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  64. M. A. Mizani & N. Baykal (forthcoming). Policymaking to Preserve Privacy in Disclosure of Public Health Data: A Suggested Framework. Journal of Medical Ethics.
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  65. C. Palacios-Gonzalez & D. R. Lawrence (forthcoming). Substance Over Style: Is There Something Wrong with Abandoning the White Coat? Journal of Medical Ethics.
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  66. S. Pearce (forthcoming). DSM-5 and the Rise of the Diagnostic Checklist. Journal of Medical Ethics.
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  67. I. Persson (forthcoming). What Makes Death Bad for Us? Journal of Medical Ethics.
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  68. I. Persson & J. Savulescu (forthcoming). Reply to Commentators on Unfit for the Future. Journal of Medical Ethics.
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  69. M. D. Pickersgill (forthcoming). Debating DSM-5: Diagnosis and the Sociology of Critique. Journal of Medical Ethics.
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  70. M. Y. Rady & J. L. Verheijde (forthcoming). Liverpool Care Pathway: Life-Ending Pathway or Palliative Care Pathway? Journal of Medical Ethics.
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  71. N. J. H. Raijmakers, A. van der Heide, P. S. C. Kouwenhoven, G. J. M. W. van Thiel, J. J. M. van Delden & J. A. C. Rietjens (forthcoming). Assistance in Dying for Older People Without a Serious Medical Condition Who Have a Wish to Die: A National Cross-Sectional Survey. Journal of Medical Ethics.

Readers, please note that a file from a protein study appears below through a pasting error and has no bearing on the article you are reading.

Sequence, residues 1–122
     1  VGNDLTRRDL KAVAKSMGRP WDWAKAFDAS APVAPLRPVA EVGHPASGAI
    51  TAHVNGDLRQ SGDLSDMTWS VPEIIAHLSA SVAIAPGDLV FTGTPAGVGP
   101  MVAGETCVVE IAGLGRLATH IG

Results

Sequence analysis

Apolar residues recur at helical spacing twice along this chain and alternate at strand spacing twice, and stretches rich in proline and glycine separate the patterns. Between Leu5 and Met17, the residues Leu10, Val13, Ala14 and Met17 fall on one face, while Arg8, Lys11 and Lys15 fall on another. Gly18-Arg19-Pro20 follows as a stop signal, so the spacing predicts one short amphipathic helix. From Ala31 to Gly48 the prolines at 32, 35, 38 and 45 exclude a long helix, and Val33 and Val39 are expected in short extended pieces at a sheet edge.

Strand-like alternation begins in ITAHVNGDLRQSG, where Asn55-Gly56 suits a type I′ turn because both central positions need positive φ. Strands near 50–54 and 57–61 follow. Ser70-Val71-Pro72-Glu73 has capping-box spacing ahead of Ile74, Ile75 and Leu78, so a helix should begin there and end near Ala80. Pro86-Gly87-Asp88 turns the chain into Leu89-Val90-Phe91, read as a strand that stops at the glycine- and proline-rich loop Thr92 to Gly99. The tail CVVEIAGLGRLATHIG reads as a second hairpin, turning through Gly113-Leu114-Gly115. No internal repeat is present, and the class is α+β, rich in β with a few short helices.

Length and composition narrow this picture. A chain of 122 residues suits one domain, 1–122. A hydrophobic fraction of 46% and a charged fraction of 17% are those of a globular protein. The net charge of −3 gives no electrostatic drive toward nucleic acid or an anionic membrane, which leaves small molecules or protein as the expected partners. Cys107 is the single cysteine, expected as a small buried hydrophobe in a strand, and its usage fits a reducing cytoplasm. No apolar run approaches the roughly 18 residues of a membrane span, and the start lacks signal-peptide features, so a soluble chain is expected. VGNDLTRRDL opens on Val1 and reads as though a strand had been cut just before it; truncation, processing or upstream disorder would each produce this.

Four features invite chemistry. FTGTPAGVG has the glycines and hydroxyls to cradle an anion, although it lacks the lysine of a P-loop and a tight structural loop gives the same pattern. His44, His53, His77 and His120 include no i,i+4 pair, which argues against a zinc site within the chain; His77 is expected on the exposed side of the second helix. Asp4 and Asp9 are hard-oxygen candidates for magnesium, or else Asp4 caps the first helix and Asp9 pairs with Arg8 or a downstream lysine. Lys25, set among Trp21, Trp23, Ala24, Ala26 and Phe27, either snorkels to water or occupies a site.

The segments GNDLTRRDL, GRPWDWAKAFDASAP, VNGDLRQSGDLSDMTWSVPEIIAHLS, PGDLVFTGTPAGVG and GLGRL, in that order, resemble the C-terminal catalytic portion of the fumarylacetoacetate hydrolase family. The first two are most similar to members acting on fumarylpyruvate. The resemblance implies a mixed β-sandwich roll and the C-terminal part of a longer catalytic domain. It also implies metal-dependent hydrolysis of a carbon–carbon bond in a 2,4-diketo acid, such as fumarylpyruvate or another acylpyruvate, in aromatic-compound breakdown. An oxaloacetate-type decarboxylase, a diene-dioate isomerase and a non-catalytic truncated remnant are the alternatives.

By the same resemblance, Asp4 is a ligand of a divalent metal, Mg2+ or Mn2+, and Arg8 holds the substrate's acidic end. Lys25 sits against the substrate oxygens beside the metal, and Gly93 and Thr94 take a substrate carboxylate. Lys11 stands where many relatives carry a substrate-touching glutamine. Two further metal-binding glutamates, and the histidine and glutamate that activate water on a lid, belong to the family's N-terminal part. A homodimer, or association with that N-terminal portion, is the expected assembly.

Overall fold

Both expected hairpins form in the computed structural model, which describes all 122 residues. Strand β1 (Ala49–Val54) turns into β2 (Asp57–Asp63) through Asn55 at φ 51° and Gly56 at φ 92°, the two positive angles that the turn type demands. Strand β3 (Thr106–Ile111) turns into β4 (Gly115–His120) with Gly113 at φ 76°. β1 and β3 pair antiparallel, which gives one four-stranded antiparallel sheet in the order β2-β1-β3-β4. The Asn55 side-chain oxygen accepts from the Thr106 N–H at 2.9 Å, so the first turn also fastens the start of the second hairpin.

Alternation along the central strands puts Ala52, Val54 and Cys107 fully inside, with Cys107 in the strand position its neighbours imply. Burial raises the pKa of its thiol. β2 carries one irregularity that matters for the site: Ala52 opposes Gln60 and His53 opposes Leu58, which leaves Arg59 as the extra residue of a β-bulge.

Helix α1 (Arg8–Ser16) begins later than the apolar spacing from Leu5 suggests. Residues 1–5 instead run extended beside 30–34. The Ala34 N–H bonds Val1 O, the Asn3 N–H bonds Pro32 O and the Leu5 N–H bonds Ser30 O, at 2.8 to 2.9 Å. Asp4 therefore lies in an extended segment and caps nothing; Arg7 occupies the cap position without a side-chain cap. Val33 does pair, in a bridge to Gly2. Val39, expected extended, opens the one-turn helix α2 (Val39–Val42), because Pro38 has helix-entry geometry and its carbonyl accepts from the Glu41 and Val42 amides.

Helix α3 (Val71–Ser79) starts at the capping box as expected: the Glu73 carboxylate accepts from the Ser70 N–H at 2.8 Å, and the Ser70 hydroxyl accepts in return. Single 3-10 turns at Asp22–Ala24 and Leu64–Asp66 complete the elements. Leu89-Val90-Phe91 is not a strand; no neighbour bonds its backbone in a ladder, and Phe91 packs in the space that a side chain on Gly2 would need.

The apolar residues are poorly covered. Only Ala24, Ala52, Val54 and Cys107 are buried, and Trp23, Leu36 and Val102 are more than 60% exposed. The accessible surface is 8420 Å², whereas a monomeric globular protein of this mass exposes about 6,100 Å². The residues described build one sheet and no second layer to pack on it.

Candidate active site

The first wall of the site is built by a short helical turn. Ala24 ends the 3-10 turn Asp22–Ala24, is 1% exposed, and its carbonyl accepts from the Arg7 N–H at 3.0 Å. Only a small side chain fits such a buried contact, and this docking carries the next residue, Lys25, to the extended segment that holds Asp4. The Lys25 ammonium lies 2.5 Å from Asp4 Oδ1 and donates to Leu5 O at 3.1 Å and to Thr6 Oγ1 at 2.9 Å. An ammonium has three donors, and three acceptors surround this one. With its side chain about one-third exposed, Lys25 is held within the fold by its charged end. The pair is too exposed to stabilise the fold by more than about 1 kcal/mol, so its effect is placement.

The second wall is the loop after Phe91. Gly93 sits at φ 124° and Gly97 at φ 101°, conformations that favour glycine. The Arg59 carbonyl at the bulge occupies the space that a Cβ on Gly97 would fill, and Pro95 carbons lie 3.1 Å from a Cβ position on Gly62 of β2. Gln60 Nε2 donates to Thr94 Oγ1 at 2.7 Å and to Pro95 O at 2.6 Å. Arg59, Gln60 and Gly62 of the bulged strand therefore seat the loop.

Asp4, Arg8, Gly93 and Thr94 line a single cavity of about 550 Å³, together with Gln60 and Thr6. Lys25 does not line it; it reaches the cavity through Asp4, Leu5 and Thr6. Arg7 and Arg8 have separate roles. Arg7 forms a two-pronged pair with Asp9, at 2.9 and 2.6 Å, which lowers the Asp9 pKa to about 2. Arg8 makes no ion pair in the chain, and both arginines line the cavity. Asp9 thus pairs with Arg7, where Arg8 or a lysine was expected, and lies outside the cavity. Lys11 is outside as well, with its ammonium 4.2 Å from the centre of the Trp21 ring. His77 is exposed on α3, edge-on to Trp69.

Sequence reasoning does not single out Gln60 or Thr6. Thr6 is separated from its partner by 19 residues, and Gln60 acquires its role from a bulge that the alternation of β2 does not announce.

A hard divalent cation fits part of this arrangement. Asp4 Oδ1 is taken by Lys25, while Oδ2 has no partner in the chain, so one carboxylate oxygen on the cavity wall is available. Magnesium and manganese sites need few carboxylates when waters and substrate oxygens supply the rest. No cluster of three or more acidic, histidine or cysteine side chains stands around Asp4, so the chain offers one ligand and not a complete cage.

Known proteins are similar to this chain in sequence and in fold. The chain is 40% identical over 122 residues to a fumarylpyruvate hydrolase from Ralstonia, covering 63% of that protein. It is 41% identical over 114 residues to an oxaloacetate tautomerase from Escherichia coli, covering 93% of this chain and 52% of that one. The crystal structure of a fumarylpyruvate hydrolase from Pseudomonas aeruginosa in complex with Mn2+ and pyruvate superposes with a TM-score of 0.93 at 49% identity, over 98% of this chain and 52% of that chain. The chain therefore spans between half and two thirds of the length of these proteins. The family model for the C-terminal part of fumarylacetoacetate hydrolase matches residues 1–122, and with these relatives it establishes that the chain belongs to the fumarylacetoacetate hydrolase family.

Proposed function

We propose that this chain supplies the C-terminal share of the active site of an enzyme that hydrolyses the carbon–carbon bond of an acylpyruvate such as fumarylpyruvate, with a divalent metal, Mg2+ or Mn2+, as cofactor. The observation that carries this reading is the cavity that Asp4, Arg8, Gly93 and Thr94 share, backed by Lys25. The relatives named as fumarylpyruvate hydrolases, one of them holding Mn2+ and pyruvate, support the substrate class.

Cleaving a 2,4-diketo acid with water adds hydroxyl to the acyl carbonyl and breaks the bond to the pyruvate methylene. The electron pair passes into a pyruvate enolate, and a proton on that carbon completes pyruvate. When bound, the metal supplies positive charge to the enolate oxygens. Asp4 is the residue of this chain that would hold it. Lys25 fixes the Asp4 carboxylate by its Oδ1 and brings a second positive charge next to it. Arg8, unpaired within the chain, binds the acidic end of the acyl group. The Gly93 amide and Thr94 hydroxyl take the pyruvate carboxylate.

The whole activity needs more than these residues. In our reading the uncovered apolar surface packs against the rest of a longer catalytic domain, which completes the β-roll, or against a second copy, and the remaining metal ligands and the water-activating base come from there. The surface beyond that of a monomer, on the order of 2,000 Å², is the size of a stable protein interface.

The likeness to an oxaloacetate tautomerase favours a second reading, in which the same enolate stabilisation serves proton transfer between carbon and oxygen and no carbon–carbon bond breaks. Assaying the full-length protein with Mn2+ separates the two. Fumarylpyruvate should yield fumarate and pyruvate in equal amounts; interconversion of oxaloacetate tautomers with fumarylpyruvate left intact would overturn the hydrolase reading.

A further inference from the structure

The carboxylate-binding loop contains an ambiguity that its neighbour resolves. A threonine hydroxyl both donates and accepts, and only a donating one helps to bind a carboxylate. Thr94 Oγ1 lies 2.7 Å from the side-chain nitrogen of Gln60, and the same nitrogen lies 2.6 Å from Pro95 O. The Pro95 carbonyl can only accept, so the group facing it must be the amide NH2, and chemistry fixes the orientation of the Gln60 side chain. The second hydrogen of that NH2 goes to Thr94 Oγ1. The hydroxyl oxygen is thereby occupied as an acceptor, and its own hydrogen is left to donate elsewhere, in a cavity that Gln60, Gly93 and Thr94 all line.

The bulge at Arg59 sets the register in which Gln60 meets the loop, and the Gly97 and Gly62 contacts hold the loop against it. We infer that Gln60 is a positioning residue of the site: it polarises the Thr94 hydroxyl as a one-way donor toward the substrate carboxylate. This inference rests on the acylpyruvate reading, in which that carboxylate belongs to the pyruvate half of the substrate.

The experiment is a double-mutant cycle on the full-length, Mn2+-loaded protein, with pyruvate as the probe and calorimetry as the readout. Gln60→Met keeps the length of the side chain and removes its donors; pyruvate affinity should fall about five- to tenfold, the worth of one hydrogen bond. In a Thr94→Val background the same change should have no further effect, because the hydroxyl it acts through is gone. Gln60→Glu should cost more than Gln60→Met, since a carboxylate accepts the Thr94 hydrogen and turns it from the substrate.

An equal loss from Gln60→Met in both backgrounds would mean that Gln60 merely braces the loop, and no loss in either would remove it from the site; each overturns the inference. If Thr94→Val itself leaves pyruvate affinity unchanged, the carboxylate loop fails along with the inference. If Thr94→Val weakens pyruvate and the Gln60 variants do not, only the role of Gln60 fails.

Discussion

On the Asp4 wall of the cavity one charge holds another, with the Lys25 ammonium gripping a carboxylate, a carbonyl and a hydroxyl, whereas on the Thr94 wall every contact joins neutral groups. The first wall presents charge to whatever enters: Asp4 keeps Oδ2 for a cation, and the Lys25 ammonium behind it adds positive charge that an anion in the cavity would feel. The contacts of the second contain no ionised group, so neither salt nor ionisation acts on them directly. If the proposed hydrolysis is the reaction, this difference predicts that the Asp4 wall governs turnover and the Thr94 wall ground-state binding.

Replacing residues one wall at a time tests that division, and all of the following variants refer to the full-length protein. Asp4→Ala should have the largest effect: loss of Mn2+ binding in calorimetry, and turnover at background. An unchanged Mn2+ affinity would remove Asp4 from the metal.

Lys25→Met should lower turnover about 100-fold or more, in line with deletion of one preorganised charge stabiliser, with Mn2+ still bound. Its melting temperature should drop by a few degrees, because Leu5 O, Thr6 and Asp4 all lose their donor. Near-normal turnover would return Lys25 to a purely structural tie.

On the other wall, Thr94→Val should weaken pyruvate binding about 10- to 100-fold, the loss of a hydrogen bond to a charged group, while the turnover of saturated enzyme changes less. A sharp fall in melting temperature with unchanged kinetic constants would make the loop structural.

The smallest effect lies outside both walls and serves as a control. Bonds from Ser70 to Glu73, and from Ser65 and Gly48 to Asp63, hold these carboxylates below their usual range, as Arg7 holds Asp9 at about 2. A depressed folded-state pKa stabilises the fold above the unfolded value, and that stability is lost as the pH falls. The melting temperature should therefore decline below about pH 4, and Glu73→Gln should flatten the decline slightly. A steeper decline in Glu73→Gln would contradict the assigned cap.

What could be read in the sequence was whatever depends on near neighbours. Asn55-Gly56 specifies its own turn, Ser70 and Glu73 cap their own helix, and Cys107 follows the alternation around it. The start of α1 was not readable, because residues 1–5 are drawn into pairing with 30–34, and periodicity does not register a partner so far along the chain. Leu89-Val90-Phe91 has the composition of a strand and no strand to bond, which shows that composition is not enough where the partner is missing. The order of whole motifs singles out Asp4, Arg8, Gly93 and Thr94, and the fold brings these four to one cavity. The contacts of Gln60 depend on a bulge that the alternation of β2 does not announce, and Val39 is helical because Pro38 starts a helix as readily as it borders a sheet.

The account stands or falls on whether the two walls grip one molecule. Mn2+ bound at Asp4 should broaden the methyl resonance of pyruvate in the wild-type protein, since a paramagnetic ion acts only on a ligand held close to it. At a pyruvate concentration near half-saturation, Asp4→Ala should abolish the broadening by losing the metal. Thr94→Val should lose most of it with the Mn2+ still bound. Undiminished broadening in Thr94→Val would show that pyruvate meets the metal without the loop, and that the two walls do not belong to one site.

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  72. A. Rajczi (forthcoming). Wait Times and National Health Policy. Journal of Medical Ethics.
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  73. B. Saunders (forthcoming). Is Procreative Beneficence Obligatory? Journal of Medical Ethics.
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  74. M. K. Schoonman, G. J. M. W. van Thiel & J. J. M. van Delden (forthcoming). Non-Physician-Assisted Suicide in The Netherlands: A Cross-Sectional Survey Among the General Public. Journal of Medical Ethics.
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  75. Y. C. Shetty & A. A. Saiyed (forthcoming). Analysis of Warning Letters Issued by the US Food and Drug Administration to Clinical Investigators, Institutional Review Boards and Sponsors: A Retrospective Study. Journal of Medical Ethics.
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  76. A. Smajdor & D. Cutas (forthcoming). Artificial Gametes and the Ethics of Unwitting Parenthood. Journal of Medical Ethics.
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  77. R. Sparrow (forthcoming). Reproductive Technologies, Risk, Enhancement and the Value of Genetic Relatedness. Journal of Medical Ethics.
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  78. M. Spriggs & L. Gillam (forthcoming). Deception of Children in Research. Journal of Medical Ethics.
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  79. C. Stanton (forthcoming). Maternal Transmission of HIV Infection: A Crime Against My Child? Journal of Medical Ethics.
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  80. J. Tannenbaum (forthcoming). Philosophising Outside of the Academy. Journal of Medical Ethics.
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  81. S. van der Dam, B. Molewijk, G. A. M. Widdershoven & T. A. Abma (forthcoming). Ethics Support in Institutional Elderly Care: A Review of the Literature. [REVIEW] Journal of Medical Ethics.